While Brad Ausmus and Tony Clark are nice enough players for the time being, the question the franchise has to deal with isn't whether those guys will or should eventually get beaten out by Javier Cardona or Eric Munson, respectively, or whether Rob Fick could take either of their jobs. The Tigers are almost certainly better off playing Ausmus and Clark until they can find a taker for them, and then trading them for outfielders who can hit and walk and hopefully at least one who can play center field. You know, the things people expect from major league outfielders. If they can make that kind of deal in July or August, then they can start deciding whether or not Cardona or Munson is ready.

Kansas City Royals

The Royals have already made their choices as far as youth, generally going with it. But leave it to Herk Robinson to make things a little more interesting than they had to be. He created an artificial choice between Mark Quinn and Jeremy Giambi when he could have kept both, especially considering that it meant keeping minor-league veteran Dave McCarty instead. Dumping Giambi makes even less sense considering how heavily the Royals' lineup leans to the right. Robinson could have kept Sal Fasano around to catch, but Fasano is hardly a spring chicken at 28, and only has similar, and not significantly better, offensive skills to Brian Johnson.

Veteran temps at third base (Joe Randa), catcher (Johnson and Gregg Zaun) and shortstop (Rey Sanchez) are fine in the absence of legitimate prospects, but the Royals' problem is that they don't have the prospects to eventually replace them, or much worth trading to get those prospects.

Minnesota Twins

Which brings us to the Twins, who have a strange balance between prospects and inadequate veterans. Last year, they almost went out of their way to discredit youth movements in general by letting guys like Doug Mientkiewicz and Chad Allen win regular jobs. This year, they've gone with an odd mix of the adequate vets and prospects.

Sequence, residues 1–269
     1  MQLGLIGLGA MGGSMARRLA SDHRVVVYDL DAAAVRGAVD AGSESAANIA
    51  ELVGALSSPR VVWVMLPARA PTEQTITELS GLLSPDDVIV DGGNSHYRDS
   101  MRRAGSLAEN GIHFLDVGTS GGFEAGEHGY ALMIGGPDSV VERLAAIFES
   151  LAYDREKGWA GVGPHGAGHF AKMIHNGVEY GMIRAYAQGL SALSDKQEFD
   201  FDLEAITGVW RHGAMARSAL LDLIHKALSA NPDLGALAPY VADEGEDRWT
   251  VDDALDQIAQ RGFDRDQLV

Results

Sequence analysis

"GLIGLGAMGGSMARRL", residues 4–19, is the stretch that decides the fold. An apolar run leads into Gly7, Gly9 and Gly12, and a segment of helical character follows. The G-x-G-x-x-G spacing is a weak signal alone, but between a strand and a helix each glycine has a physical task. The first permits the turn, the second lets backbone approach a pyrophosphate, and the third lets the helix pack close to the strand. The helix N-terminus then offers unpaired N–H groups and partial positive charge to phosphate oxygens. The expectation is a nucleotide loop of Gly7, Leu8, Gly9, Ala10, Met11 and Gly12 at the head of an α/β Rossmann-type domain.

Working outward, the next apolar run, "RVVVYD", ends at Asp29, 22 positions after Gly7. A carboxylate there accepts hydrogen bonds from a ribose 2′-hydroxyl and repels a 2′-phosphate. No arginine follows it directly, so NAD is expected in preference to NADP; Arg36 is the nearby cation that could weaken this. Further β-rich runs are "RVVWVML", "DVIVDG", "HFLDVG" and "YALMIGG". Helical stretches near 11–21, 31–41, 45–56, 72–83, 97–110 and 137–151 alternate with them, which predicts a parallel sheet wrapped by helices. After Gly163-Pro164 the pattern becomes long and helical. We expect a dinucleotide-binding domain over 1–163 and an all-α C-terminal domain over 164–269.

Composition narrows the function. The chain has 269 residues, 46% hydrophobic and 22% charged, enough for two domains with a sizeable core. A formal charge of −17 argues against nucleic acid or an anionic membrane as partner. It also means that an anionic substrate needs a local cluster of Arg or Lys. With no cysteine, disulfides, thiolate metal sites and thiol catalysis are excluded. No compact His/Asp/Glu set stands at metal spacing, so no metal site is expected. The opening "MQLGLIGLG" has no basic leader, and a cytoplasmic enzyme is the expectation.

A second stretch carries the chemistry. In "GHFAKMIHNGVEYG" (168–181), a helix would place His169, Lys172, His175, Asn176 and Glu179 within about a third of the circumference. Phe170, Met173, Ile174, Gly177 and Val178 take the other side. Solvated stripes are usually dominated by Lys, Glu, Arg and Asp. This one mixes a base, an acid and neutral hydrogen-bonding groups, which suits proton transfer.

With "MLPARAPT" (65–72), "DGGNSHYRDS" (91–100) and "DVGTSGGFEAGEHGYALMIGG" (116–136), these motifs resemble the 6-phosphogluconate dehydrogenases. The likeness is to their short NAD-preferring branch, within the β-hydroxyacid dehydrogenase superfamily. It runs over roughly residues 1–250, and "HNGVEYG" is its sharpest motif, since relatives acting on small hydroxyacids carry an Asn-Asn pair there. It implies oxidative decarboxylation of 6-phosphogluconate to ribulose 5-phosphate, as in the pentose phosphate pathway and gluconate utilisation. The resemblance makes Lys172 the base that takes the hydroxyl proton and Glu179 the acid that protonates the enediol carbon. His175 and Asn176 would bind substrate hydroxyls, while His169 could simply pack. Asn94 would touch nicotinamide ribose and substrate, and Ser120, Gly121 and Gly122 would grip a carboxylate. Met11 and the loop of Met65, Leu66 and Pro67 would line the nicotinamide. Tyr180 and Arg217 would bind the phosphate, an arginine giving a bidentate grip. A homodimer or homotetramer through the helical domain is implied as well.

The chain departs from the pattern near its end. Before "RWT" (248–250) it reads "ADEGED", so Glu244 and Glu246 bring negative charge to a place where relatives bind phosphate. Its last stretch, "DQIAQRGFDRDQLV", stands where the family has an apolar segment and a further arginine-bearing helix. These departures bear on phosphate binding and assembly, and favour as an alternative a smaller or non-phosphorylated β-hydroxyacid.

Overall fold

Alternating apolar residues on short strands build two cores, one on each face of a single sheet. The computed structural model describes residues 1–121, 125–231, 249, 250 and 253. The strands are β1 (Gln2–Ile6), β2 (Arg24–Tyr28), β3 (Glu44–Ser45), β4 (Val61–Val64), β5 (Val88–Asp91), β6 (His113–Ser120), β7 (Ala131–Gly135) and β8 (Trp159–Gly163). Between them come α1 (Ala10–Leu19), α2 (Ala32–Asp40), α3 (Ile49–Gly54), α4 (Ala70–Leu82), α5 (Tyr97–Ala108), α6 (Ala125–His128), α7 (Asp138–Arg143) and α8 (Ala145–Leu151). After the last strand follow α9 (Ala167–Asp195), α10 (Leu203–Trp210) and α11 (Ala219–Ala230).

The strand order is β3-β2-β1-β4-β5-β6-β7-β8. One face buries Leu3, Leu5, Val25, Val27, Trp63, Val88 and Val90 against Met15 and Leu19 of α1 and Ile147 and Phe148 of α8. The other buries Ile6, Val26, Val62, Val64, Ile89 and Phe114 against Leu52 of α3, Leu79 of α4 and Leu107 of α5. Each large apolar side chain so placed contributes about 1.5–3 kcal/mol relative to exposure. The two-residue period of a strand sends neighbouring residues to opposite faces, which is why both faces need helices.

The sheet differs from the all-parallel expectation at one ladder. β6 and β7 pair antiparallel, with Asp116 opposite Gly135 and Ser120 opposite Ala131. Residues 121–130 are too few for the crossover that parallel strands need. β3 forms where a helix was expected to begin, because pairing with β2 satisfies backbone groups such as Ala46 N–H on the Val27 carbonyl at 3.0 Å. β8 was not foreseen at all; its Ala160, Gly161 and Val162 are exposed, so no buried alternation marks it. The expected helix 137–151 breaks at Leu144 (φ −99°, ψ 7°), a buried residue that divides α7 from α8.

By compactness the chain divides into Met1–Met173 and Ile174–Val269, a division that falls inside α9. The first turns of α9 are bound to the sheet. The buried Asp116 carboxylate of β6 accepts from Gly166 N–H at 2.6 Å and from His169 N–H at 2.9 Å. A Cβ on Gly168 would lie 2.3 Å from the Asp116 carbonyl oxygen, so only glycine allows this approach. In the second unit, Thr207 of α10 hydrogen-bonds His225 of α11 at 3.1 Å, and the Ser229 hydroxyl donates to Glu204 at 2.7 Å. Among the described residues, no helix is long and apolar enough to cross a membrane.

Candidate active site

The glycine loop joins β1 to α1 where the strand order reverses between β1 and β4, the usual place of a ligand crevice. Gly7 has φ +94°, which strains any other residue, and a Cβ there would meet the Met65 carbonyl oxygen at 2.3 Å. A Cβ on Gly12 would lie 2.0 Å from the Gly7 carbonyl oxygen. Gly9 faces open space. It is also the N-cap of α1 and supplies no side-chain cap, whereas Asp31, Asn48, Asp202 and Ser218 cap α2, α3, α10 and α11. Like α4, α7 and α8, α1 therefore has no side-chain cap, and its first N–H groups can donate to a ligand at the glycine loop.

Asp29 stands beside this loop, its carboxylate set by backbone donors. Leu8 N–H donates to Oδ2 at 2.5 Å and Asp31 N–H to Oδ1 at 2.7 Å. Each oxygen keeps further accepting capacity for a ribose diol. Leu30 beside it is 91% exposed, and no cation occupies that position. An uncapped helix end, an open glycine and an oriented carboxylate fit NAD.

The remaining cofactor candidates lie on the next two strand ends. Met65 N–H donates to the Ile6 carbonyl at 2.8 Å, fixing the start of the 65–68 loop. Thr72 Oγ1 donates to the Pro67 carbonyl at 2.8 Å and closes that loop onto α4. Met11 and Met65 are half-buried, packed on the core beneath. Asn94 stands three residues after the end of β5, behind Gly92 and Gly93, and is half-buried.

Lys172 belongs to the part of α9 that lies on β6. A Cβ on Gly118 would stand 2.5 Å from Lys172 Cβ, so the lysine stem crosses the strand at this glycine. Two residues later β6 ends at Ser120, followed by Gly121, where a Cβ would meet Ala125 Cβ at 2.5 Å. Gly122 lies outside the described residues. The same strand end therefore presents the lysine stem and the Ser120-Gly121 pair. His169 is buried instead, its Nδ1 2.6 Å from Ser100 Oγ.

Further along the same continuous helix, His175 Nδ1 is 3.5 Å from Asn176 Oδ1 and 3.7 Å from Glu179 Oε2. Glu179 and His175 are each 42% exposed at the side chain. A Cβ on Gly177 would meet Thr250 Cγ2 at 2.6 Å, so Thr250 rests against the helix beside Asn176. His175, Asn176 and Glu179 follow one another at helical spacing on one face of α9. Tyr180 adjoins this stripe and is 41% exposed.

On the side of mediocrity, they're using Butch Huskey, Ron Coomer and, arguably, Matt Lawton. On the side of talented youth, they have David Ortiz and Matt LeCroy. They've excised Mientkiewicz and Allen and Marty Cordova and Walker, which looks like three guys who can't hit well enough to man left field or first base and a second baseman who can't field his position. Maybe it's just me, but right now it doesn't look like any of those guys will turn into All-Stars, barring the good luck of a stint with the Rockies.

Meanwhile, Tom Kelly has kept playing Jacque Jones, Torii Hunter, Cristian Guzman and Corey Koskie. Sure, I'd like it if he played Ortiz and LeCroy more regularly and turned Ron Coomer into a nice bench player, and there was obviously no good excuse for why Ortiz didn't make the team last year. Nevertheless, it looks like Kelly isn't doing that horrible of a job of letting young players show whether or not they can play. They're already so convinced that Guzman is their shortstop of the future that they've moved Luis Rivas to second base, and he may fill that hole before the end of the season.

I'll go over old ground to point out that this team isn't really going to be able to keep up with the White Sox or the Royals as far as rebuilding until guys like Mike Cuddyer, Bobby Kielty, Mike Restovich and B.J. Garbe develop.

Chris Kahrl can be reached at ckahrl@baseballprospectus.com.

Christina Kahrl is an author of Baseball Prospectus. 
Click here to see Christina's other articles. You can contact Christina by clicking here

Related Content:  Royals Prospects,  The Who